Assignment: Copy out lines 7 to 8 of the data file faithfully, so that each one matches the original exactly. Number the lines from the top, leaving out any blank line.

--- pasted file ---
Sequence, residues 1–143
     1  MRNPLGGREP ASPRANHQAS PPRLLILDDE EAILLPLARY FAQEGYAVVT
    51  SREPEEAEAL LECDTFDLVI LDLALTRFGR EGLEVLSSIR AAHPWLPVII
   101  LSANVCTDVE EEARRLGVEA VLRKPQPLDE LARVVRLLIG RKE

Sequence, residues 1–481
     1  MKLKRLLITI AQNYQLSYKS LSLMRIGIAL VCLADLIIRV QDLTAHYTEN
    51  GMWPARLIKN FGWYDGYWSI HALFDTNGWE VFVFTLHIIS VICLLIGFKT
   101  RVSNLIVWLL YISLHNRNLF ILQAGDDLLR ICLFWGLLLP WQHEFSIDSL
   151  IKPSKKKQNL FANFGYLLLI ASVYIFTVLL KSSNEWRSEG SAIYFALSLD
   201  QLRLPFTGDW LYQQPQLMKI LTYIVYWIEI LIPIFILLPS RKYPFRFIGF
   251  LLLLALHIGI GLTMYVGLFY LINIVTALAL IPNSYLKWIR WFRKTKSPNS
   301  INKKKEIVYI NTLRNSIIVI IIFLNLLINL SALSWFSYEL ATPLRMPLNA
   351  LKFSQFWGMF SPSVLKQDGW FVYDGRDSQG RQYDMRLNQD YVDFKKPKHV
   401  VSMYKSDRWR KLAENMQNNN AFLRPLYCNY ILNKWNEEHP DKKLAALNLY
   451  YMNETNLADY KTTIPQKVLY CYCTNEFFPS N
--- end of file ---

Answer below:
    51  GMWPARLIKN FGWYDGYWSI HALFDTNGWE VFVFTLHIIS VICLLIGFKT
   101  RVSNLIVWLL YISLHNRNLF ILQAGDDLLR ICLFWGLLLP WQHEFSIDSL